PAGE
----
The American nonprofit Consumer Reports (CR) first disclosed this in November 2021, after it tested 126 individual spice products. Spices from Walmart's Great Value, 365 by Whole Foods Market, La Flor Spices, McCormick & Co., Penzeys Spices and Spice Islands were among those tested.
Forty products – roughly one-third of the total tested – had high enough levels of heavy metals such as arsenic, lead and cadmium "to pose a health concern for children when regularly consumed in typical serving sizes." CR also noted that thyme and oregano products it tested had "concerning" levels of heavy metals.
"When people think about heavy metals in their diet – if they do at all – it's probably the lead in their drinking water or arsenic in their children's fruit juices or cereals," he said. "But our tests show that dried herbs and spices can be a surprising, and worrisome, source for children and adults."
"Frequent exposure to even small amounts of lead, arsenic, cadmium and other heavy metals is dangerous, in part because it's difficult for the human body to break them down or excrete them. Over time, exposure to those heavy metals can harm health," CR warned.
"In children, it can affect brain development – increasing the risk for behavioral problems and lower IQ. In adults, it can contribute to central nervous system problems, reproductive problems and hypertension. [Heavy metal accumulation] can [also] damage kidney and immune function."
Heavy metals in water, soil contaminating spices
Tunde Akinleye, a CR chemist who oversaw the testing process for the 126 products, said heavy metals can show up in food in two ways. Some foods naturally contain these heavy metals, while some absorb them through contaminated water or soil. Processing or packaging food can also introduce these heavy metals into the final product.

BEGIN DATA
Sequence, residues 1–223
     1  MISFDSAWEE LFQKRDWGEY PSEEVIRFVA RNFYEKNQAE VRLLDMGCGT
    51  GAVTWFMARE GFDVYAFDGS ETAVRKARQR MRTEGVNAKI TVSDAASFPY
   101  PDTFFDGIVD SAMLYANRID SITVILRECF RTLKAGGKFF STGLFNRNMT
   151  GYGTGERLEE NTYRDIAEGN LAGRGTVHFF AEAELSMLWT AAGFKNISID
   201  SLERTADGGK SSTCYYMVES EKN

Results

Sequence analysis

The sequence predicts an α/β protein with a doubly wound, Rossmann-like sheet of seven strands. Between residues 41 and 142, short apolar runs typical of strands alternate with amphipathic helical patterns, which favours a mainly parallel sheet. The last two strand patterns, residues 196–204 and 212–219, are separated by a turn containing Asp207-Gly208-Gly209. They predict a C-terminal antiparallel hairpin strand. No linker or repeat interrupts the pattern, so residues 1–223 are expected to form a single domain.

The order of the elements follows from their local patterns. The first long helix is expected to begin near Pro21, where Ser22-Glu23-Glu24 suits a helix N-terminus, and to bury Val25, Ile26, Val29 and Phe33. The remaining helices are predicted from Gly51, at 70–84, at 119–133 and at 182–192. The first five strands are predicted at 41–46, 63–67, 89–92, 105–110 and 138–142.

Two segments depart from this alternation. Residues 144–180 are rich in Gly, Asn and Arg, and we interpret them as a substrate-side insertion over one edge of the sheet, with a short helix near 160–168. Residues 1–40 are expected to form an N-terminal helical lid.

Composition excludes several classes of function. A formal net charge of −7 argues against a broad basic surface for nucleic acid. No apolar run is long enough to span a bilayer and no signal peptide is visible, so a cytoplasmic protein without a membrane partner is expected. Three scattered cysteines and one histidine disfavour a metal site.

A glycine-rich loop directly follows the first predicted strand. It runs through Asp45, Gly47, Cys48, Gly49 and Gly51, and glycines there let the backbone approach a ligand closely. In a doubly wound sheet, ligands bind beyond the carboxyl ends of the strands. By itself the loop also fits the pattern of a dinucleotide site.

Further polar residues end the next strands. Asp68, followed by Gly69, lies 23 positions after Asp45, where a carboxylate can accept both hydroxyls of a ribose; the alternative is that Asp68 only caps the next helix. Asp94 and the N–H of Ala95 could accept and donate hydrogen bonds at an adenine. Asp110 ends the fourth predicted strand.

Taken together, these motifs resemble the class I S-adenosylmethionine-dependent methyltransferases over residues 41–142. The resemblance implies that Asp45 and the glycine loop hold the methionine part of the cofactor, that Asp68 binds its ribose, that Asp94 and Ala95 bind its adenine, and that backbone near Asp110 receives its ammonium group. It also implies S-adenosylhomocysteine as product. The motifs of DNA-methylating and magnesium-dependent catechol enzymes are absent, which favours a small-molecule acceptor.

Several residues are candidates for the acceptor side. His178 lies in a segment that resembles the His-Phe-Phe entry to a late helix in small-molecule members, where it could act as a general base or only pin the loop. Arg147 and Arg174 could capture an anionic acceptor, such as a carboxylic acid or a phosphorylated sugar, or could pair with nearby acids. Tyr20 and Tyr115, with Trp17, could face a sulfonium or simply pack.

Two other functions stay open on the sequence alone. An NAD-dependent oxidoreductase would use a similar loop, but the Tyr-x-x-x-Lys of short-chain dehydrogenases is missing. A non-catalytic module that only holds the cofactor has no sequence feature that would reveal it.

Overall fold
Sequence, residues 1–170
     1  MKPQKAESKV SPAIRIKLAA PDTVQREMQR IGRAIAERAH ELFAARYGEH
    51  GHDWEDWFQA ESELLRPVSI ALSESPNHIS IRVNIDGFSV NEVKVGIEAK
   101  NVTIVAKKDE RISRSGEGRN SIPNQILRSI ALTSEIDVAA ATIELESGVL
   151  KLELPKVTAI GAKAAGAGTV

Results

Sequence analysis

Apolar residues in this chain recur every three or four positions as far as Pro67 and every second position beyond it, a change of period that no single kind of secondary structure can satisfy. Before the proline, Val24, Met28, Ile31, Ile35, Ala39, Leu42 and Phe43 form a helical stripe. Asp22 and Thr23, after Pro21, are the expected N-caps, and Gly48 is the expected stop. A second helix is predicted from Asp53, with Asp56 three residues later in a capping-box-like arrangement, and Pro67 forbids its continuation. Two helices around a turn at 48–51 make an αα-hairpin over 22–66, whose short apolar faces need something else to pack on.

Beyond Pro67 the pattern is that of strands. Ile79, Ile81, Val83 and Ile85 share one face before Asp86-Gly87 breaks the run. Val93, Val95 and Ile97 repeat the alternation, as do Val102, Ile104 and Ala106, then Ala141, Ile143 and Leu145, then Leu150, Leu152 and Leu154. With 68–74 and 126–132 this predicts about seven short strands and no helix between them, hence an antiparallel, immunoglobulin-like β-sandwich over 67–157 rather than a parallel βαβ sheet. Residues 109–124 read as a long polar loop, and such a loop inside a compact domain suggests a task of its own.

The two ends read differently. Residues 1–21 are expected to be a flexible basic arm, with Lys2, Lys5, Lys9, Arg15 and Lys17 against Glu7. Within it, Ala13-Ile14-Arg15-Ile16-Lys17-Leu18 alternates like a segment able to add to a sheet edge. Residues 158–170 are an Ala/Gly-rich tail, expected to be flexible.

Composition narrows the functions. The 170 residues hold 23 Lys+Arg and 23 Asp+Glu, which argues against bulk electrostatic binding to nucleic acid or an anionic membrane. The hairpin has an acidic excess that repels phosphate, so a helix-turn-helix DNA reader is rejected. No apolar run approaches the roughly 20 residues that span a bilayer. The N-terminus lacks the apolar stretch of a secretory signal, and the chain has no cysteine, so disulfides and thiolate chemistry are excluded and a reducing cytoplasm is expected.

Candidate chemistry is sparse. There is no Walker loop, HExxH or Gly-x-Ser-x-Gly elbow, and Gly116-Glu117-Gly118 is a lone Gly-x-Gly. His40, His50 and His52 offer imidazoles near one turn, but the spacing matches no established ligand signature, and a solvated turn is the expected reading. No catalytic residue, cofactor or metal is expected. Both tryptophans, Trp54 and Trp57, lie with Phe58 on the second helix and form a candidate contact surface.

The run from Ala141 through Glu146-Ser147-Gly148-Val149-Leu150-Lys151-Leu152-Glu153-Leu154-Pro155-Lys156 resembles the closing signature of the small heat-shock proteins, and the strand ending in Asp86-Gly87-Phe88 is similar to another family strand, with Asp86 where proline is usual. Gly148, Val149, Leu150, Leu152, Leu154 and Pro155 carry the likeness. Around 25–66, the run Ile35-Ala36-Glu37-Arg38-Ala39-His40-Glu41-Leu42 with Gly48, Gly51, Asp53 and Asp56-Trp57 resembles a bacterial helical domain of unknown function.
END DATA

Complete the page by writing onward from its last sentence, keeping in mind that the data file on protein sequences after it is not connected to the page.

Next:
But according to Laura Shumow of the American Spice Trade Association, it's almost impossible to rid herbs and spices of all heavy metals due to "the unavoidable presence in the environments where they are grown." The amount of heavy metals absorbed from the soil and the part of the plant where they can end up differs from plant to plant, she added.
"Since the risks are serious, it pays to limit intake of heavy metals as much as possible," Rogers remarked.
CR also shared the following tips toward this goal:
Use herbs and spices with lower heavy metal content
Examples of these include black pepper, white pepper, coriander, curry powder, garlic powder, saffron and sesame seeds. Versions of these herbs and spices that are low in heavy metals are available in groceries.
Avoid bringing back herbs and spices from abroad
According to CR Director of Food Policy Brian Ronholm, U.S. companies often source the highest quality herbs and spices to import from other countries. In return, spices sold in the domestic market oftentimes have a low quality and contain more heavy metals.
Make spice mixes at home
CR's tests revealed that thyme and oregano sold in groceries have high levels of heavy metals, but versions grown and dried at home often have lower levels of these toxic elements. Herbs such as basil, oregano and thyme can be stored and kept for long periods – as dried versions of these often have a stronger flavor.